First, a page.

Verdier Eye Center — home to a trio of ophthalmologists — is one office that is getting into the game by way of developing the Laser & Surgical Center of West Michigan LLC.
The proposal for the surgical center is now in the final stages of receiving Certificate Of Need approval and is awaiting the go-ahead from the state.
“We expect the state to give us the OK on the project,” said Mike LaPenna, principal of The LaPenna Group, a health care business development company. “We should receive the final determination by Sept. 1st.”
What the doctors at the Verdier Eye Center want to do is construct a laser and surgical center — tentatively between 5,500 and 7,500 square feet in size — in a suite one floor below the suite the firm now occupies in the East Paris Medical Center.
David Verdier, M.D., said the reason for the move from leasing space in the East Paris Medical Center’s surgical center is not an effort to take business away from the hospitals, but to give patients better care.
“We can have more control over what is going on in our surgical center, including what kind of equipment we use, and we can be more efficient, serving more patients,” Verdier said.
“All of those variables result in the improvement of quality of care for our patients, which is our ultimate goal.”
Verdier and his partners — Karl Siebert, M.D., and Ann Renucci, M.D. — plan to have two ophthalmologic surgical rooms and one laser eye procedure room. They expect to perform 2,555 surgical cases annually beginning in June 2004.
Verdier said the surgical rooms will also be available to other surgeons in the area who are looking for an open surgical site.
“The surgical rooms in here (East Paris Medical Center) are beginning to fill up and it can be difficult to get a time slot,” Verdier told the Business Journal.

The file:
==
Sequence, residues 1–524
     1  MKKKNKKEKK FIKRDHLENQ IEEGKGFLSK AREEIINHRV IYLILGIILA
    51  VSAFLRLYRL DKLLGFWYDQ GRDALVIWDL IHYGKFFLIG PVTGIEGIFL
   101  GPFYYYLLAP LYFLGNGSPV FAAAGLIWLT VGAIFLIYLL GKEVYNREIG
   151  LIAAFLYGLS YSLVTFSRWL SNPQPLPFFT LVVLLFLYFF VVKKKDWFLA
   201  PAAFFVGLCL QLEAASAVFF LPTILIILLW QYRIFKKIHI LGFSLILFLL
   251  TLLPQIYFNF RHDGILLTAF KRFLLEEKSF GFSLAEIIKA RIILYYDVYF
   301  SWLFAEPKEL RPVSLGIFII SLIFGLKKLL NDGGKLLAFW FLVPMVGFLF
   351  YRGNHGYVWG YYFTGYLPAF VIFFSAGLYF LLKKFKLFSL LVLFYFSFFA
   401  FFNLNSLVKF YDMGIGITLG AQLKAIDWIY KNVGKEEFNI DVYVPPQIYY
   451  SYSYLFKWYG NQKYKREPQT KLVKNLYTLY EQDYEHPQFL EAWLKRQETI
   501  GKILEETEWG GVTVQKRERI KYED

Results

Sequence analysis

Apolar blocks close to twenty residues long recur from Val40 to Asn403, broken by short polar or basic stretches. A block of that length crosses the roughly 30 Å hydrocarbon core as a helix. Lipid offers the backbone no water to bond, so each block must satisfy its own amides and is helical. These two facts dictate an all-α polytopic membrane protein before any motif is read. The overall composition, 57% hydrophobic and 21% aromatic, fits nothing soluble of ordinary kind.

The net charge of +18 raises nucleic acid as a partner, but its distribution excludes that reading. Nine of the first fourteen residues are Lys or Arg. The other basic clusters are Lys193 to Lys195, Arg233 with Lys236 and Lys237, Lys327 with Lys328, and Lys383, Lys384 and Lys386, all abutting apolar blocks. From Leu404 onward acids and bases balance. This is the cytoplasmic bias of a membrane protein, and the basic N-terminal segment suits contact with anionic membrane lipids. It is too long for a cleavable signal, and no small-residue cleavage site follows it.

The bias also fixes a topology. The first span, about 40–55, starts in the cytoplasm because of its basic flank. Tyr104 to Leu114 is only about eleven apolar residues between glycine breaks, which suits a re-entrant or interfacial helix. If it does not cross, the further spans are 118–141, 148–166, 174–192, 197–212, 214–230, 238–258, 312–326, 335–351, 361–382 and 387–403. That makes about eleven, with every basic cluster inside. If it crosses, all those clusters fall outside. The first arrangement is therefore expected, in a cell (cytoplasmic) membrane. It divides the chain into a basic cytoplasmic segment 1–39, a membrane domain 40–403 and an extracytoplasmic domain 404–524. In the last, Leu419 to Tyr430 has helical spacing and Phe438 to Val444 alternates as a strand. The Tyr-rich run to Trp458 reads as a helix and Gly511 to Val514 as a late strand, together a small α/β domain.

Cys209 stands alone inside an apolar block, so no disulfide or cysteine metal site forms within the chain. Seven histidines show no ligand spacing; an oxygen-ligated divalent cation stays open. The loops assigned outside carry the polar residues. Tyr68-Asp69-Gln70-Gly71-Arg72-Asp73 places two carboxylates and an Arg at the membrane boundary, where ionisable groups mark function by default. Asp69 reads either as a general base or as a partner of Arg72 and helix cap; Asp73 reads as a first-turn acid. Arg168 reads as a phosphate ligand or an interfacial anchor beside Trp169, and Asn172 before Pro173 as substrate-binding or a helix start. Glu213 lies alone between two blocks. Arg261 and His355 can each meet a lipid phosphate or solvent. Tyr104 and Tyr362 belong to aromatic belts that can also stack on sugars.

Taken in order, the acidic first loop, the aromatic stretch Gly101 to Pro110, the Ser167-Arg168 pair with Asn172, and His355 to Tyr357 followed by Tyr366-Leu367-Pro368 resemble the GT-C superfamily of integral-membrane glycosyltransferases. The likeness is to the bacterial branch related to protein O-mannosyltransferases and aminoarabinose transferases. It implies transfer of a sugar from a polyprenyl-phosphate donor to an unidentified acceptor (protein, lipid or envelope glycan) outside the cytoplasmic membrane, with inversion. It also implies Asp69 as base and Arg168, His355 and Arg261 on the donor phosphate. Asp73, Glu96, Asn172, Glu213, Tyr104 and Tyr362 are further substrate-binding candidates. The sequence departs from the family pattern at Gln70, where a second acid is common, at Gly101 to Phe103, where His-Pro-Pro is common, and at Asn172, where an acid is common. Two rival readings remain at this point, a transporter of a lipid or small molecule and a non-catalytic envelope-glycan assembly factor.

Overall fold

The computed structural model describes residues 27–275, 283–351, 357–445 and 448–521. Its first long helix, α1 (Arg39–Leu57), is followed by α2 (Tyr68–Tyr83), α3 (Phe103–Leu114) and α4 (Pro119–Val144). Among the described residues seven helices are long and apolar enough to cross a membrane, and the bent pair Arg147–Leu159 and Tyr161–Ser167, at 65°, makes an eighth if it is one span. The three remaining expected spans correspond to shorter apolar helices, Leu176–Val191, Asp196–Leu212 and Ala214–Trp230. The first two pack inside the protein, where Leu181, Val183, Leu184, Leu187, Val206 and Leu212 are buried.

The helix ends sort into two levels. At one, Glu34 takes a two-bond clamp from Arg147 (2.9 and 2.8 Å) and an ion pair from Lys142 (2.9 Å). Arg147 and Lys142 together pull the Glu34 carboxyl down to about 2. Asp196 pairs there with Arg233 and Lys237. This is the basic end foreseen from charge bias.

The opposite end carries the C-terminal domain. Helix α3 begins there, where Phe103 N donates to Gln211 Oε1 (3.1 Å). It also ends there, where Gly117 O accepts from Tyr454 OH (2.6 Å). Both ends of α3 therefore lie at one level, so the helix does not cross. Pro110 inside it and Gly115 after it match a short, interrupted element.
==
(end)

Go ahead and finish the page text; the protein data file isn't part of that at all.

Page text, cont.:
“In some cases patients were waiting months to have their surgery performed; now it may just be an issue of walking downstairs.”
A physician-owned surgical center also allows the doctors to avoid the bureaucracy and red tape they often have to deal with in hospitals and surgical centers when it comes to equipment.
The trio said the new arrangement will allow them to be able to work with state-of-the-art equipment and keep up with the ever-changing technology.
“We will be able to have whatever we need and have the best of what we need,” Renucci said.
The patients will also benefit from this being a single specialty facility, said LaPenna.
With all of the special equipment and machines needed for eye surgery, it makes the flow a lot smoother to have it as a constant in one place.
“Once they have the facility they can be more effective because it is already set up,” said LaPenna. “It is efficient because it takes up less of the doctor’s time as well as the patient’s. There is being effective and there is being cost effective; I think they are doing both.”
Because of the state of the economy, performing surgeries in a freestanding physician-owned surgical center also comes with lower costs to insurance companies and the community, LaPenna noted.
Developing a surgical center is something Verdier said he has wanted to do for the past 10 years but with CON specifics and regulations, there wasn’t an opportunity until now.
“All of the consultants have said we can do this,” Verdier said.
“Now we just have to wait and see what the officials say. I understand they don’t want just anyone building a facility, so it will really come down to the quality of our practice.”
Siebert said this venture will give the practice a chance to demonstrate at another level what quality and patient satisfaction mean to them.
“The hospitals here are wonderful, and we don’t want anyone to think that we are doing this because they aren’t (wonderful),” Siebert said.
“But we think that with so many doctors and patients trying to get into the hospitals and surgical centers for OR time, we will be able to free some of that up and bring the quality and ethics of our practice into our own surgical center.”